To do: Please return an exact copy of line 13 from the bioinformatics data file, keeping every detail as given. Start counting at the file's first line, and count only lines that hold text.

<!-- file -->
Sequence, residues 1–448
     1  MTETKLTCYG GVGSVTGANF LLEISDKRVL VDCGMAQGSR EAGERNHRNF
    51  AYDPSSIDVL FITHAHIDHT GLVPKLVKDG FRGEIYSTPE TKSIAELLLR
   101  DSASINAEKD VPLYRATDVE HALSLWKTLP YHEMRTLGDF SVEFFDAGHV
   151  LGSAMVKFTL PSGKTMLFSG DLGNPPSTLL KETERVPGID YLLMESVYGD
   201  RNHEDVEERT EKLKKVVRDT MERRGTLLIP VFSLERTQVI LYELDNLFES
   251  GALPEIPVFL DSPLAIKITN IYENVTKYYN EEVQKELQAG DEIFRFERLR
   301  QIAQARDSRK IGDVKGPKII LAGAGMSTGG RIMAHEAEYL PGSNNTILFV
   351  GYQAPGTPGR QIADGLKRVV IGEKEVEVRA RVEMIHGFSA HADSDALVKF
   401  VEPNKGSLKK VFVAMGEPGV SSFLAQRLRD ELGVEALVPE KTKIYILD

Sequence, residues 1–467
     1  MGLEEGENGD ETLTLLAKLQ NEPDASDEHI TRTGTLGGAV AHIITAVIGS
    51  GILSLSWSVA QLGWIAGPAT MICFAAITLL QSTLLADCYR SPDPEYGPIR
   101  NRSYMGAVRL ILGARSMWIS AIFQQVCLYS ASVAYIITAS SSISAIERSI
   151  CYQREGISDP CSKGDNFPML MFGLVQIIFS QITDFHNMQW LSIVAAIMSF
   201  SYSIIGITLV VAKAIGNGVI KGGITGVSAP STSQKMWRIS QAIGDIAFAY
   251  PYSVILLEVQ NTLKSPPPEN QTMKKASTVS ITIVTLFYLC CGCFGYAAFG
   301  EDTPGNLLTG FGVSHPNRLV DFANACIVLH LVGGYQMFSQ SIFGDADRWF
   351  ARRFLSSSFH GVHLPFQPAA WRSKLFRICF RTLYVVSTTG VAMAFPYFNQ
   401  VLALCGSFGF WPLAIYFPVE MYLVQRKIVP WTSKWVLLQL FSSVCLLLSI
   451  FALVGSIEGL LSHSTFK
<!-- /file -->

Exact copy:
    51  GILSLSWSVA QLGWIAGPAT MICFAAITLL QSTLLADCYR SPDPEYGPIR